“Do you have the courage to bring forth the treasures that are hidden within you?” (Elizabeth Gilbert)
I’m sitting here feeling a bit excited. I can’t remember if I told you that I wrote a story? An actual story. And I sent it off to a magazine. I wrote and released. And its, as they say, on newsstands now.
I’m pretty sure I’ve touched on how, for much of my life I’d been wanting to write. Ever since I was a wee girl and learned to read. And how I’ve gone to (at times) extraordinary lengths not to. I thought the urge/desire/gift/vision to write meant I had to write a novel. From start to finish, all in order, perfectly formed. Boom. I knew I couldn’t do that, so I didn’t do anything, because, if I can’t do something perfectly first off, then I’d best not do it at all. Right?
So the years rolled by, filled with diversions and drugs and dodgy adventures and all sorts of crazy shit along the way. I always had a book on the go, reading my way through the madness. And I didn’t write. I took avoidance to the next level in an unskilful attempt to keep me ‘safe’ from feelings. There was a time in the 70’s when I made a conscious decision not to write anything down. That lasted several years. No postcards or letters to family and friends to let them know where I was in the world, that I was alive. No pen to paper. Nothing. It was too much of a commitment and was afraid of commitment.
When I unwillingly ended up in rehab in 1987, I was required to write. As part of treatment they wanted us writing every fucking day. I railed against it, said they didn’t understand, others may be able to, but not me, no, I couldn’t. They’d heard it all before and wouldn’t take ‘no’ for an answer so I eventually complied. And it didn’t kill me. I kind of enjoyed it.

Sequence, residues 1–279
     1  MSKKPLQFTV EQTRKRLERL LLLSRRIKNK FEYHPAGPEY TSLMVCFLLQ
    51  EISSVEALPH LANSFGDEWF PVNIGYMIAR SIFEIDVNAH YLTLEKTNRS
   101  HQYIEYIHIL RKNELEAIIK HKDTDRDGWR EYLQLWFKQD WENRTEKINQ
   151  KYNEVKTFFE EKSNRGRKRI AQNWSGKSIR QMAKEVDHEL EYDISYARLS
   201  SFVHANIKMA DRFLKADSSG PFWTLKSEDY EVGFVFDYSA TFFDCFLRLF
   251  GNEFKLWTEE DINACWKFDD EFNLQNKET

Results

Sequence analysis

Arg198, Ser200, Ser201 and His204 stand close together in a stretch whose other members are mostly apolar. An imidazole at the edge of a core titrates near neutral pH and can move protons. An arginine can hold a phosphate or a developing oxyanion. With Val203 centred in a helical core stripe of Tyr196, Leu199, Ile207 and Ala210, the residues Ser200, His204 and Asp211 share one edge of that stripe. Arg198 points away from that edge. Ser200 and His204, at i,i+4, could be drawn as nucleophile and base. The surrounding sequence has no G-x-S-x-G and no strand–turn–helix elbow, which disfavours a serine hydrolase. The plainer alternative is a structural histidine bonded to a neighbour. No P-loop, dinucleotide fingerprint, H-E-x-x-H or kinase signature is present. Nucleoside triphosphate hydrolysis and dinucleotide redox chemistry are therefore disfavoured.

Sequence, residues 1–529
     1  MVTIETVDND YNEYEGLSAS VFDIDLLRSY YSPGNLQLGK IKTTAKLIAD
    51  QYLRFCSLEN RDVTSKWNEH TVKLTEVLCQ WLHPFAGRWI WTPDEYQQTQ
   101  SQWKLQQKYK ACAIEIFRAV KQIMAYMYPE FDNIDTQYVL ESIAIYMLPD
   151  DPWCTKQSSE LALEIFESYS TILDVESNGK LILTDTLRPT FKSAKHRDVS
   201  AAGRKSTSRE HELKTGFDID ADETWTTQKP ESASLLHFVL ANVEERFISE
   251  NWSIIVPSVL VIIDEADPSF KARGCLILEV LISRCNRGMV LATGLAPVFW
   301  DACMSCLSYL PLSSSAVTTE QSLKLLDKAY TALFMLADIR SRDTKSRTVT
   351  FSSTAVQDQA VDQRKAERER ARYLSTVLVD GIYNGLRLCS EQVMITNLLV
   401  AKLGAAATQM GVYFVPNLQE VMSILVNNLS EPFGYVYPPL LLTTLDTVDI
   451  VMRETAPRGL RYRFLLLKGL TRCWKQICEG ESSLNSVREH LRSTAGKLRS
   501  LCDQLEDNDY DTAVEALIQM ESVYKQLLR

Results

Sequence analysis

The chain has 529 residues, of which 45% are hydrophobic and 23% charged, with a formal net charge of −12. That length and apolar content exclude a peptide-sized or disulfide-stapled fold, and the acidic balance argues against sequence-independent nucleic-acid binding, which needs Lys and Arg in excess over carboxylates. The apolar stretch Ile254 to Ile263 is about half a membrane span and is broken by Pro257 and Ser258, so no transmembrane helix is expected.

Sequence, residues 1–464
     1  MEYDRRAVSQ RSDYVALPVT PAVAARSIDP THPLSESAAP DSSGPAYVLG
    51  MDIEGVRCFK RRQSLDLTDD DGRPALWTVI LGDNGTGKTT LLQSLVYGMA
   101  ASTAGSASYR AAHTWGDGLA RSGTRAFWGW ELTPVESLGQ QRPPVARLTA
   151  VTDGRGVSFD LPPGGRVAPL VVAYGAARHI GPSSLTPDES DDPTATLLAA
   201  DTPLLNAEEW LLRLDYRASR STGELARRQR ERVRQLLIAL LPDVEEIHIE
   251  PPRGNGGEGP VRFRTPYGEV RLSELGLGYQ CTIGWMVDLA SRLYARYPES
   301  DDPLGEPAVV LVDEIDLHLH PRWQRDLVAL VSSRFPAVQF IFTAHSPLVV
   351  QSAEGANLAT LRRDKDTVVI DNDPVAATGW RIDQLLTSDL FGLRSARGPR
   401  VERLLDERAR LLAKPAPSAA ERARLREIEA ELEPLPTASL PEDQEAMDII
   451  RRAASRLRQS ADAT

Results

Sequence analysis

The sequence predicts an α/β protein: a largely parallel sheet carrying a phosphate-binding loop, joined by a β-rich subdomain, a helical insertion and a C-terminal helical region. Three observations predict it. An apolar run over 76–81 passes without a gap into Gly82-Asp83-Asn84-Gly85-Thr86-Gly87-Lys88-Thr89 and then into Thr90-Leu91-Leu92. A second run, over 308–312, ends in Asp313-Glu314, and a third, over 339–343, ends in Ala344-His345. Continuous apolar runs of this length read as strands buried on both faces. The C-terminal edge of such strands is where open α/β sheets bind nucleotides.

Turned out the writing was a great re-connector – it brought me home – so I began regularly writing pages (for my eyes only) in the mornings. I noticed my handwriting was loosening up and that felt liberating. I’d been hung up on ‘correct’ penmanship since the nuns had taught me handwriting, using repetition and threats. The look needed to be ‘perfect’, in case someone saw it. To hell with the content. If it didn’t look right then I had to biff it and begin again. Impression management can be a bitch. There’s no room left for creativity or spontaneity.
With a few years of recovery under my belt, I was getting braver. Courage is acting in spite of fear, so I took a risk and enrolled in a ‘Creative Writing’ course at Auckland University and attended regularly and did what was required. I remember and appreciate our beloved teacher and wonderful author, David Lyndon Brown, and have no recollection of anything I wrote or who else was in the class.
A few years ago I began meeting with a group of people so I could learn how to manage money and in so doing, learned about debting behaviour. Turns out it wasn’t just about the money. As the fog began clearing around the money stuff and I learned to live within my means, I noticed people were also speaking about discovering a vision and the importance of naming it. Like I said, I’ve known for a long time what mine was/is and I’d chosen to ignore it.